Early the next morning we were marchmarchmarched out of bed and into the jungle to see some wildlife, goddammit. Colonel Betty scornfully lead us through this thicket and that complaining about our loud flip flops, our stinky insect repellent and our general gringo ineptitude, which was surely the thing that was keeping all the wildlife away. We were a group of five - the snooty French couple, a Canadian architect, Glenn and me. We saw some monkeys, storks, weird little mammals and a few parakeets before Betty grew completely sick of us and hurried us back to camp for rest and food before the afternoon march.

My dehydration headache transformed into a full scale migraine with all the bells and whistles, so while the others were on their afternoon march through the swamps, I spent my time in my hammock popping painkillers, throwing them back up again, and explaining to cowboy after cowboy who came in to check me out, offer me tea, coffee, massage, water, aspirin and so on that I would be okay. I kept opening my eyes to big eyes searching my own in the dusky light, strong rough hands stroking my forehead, howler monkeys moaning and howling and just wished I weren't so horribly sick. Everything and everyone had the most brilliant auras. Finally, I awoke fully recovered at 3 AM, and my recovery couldn’t have come too soon, because 0430 found us all in the back of the truck (well, not me, I was riding bitch again with a sulky groper) en route to a murky swamp full of alligators to fish for piranhas.

We hooked steak onto our hooks and waded into the water, which felt like about the dumbest, most counterintuitive thing one could possibly do. I think they took us there before we were fully awake because otherwise there was no way we could be cajoled into wading into sludgy water with our meat hooks as alligators slithered by. It only took a short time to acclimate to the alligators’ presence as the meat was continuously being tugged off of our hooks by hungry piranhas and within a few hours everyone had caught something, so we headed back for Part Two of the day. We were all quite pleased with ourselves for being such good hunter/gatherers and proudly took pictures of our pile of dead piranhas next to a big rusty machete suck into the ground with some alligators lingering in the background, hoping for scraps. But then the truck driver reappeared from around the other side of the swamp with as many fish hanging off his string as twelve of us had collectively caught in the same period of time.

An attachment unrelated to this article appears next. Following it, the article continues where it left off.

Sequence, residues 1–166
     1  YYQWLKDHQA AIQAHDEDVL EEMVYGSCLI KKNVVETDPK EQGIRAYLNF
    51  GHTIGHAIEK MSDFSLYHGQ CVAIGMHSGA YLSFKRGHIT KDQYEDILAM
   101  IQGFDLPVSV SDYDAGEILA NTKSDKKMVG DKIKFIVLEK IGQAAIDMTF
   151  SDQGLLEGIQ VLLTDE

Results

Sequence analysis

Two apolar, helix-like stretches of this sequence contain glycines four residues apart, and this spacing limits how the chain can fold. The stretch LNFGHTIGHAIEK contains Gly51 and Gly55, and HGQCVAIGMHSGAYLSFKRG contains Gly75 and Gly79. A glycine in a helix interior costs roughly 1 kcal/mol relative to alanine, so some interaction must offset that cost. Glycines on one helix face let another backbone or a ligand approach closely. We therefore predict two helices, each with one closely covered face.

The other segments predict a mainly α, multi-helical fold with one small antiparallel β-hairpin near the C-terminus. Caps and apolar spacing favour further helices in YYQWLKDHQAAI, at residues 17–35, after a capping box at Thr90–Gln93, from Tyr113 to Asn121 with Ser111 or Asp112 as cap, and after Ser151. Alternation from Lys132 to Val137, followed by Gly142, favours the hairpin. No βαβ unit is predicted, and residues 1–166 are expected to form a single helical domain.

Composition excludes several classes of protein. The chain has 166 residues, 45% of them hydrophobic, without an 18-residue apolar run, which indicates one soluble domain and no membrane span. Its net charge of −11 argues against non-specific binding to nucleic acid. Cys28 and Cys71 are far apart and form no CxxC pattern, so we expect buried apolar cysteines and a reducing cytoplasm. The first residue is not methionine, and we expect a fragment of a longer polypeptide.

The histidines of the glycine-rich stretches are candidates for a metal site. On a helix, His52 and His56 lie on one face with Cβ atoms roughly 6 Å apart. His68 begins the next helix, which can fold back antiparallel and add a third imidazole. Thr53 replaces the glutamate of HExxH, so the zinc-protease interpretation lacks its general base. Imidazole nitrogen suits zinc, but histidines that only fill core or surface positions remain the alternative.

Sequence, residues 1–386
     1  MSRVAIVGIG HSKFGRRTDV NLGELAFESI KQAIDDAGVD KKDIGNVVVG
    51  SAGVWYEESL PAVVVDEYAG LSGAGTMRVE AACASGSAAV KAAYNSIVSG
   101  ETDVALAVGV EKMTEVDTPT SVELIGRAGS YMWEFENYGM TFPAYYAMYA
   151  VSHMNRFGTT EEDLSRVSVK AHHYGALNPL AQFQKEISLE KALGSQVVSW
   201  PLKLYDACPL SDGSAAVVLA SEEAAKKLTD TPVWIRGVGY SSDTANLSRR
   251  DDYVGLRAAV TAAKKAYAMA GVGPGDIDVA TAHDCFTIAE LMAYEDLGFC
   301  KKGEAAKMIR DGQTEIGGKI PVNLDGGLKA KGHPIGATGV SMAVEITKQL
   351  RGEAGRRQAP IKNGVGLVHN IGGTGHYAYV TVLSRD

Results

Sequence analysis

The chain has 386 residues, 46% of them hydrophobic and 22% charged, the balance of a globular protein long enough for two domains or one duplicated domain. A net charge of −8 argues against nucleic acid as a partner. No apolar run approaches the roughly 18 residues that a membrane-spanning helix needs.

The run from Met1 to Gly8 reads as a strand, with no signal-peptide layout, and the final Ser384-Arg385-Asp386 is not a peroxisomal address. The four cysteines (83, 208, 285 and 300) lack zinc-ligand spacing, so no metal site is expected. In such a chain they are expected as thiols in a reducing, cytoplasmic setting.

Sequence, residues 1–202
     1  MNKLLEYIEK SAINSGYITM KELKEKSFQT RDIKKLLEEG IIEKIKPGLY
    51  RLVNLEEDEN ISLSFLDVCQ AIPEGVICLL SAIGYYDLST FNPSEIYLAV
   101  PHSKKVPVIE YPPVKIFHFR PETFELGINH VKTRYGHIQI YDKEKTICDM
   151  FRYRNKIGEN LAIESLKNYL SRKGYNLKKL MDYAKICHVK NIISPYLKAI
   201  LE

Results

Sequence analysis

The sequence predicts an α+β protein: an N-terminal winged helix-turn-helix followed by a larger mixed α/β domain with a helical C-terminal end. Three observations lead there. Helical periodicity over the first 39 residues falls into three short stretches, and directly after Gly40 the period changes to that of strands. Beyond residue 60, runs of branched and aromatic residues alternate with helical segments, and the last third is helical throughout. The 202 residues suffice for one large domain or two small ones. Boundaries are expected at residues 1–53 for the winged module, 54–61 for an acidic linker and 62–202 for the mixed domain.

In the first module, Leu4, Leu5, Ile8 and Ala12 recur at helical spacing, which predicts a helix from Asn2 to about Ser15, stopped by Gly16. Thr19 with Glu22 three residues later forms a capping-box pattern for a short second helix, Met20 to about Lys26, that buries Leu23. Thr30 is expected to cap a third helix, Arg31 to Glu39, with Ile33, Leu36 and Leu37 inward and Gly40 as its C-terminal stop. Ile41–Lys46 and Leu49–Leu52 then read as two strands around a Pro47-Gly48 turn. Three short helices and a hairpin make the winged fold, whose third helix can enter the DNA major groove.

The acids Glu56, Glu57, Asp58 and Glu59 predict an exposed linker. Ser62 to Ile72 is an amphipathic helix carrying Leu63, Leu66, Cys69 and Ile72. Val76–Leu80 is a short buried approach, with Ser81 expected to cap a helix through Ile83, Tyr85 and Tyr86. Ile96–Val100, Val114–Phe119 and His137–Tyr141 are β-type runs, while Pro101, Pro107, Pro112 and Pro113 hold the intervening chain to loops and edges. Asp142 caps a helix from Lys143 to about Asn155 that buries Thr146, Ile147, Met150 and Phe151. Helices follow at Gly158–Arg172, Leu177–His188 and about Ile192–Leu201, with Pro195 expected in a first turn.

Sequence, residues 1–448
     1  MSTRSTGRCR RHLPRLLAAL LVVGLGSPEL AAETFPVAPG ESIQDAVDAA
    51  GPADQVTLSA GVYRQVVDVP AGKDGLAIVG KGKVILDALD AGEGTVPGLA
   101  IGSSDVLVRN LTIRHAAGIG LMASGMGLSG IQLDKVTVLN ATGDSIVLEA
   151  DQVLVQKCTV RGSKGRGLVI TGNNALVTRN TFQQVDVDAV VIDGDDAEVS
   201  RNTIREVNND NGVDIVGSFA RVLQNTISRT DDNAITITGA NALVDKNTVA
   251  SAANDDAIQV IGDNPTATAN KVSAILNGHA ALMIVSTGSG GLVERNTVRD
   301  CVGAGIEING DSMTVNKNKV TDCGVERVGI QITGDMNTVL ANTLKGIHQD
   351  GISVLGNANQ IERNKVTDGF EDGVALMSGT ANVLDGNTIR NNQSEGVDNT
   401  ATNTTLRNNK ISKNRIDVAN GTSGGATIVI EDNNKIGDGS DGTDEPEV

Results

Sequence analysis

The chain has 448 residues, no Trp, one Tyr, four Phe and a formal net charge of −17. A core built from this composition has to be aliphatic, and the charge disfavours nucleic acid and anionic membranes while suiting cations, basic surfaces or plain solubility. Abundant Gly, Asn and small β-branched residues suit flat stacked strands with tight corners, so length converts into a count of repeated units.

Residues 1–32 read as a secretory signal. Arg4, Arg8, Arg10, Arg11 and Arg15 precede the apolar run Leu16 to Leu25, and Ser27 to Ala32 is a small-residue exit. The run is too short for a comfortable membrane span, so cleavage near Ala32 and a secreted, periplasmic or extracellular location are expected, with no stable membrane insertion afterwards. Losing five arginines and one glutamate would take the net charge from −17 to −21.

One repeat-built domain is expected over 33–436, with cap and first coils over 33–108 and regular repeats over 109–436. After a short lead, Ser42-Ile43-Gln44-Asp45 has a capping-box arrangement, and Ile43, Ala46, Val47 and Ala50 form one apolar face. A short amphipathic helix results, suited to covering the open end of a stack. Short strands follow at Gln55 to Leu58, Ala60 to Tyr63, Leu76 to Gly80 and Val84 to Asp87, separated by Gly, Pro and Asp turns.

This really was an industrial strength budget backpacker tour. The food was continuously recycled from one meal to the next, the mosquito nets were holey, and the guides were not the kind of animal afficionados you’d expect in a place where you literally bump into tapirs and capybaras on your way to the bathroom. Nonetheless, I was warming up to the camp, I guess partly because of the gentle thoughtfulness of these rough loose pantanal guys who lived like Peter Pan's Lost Boys playing lasso the cowskull, tease the gringo with live tarantulas and snakes, dancing to pantanal cowboy music with a women if one was nearby and willing and with each other if not, drinking cheap cachara (brasilian firewater) out of the bottle, swapping hats, shorts, shirts and girls indiscriminately and laughing,working and living their days out as the tour groups ebbed and flowed in a weekly rhythm.

Our guides pulled on jeans for the afternoon and hopped barefoot onto their horses. The Israeli army followed and loudly hiya'd their horses into frantic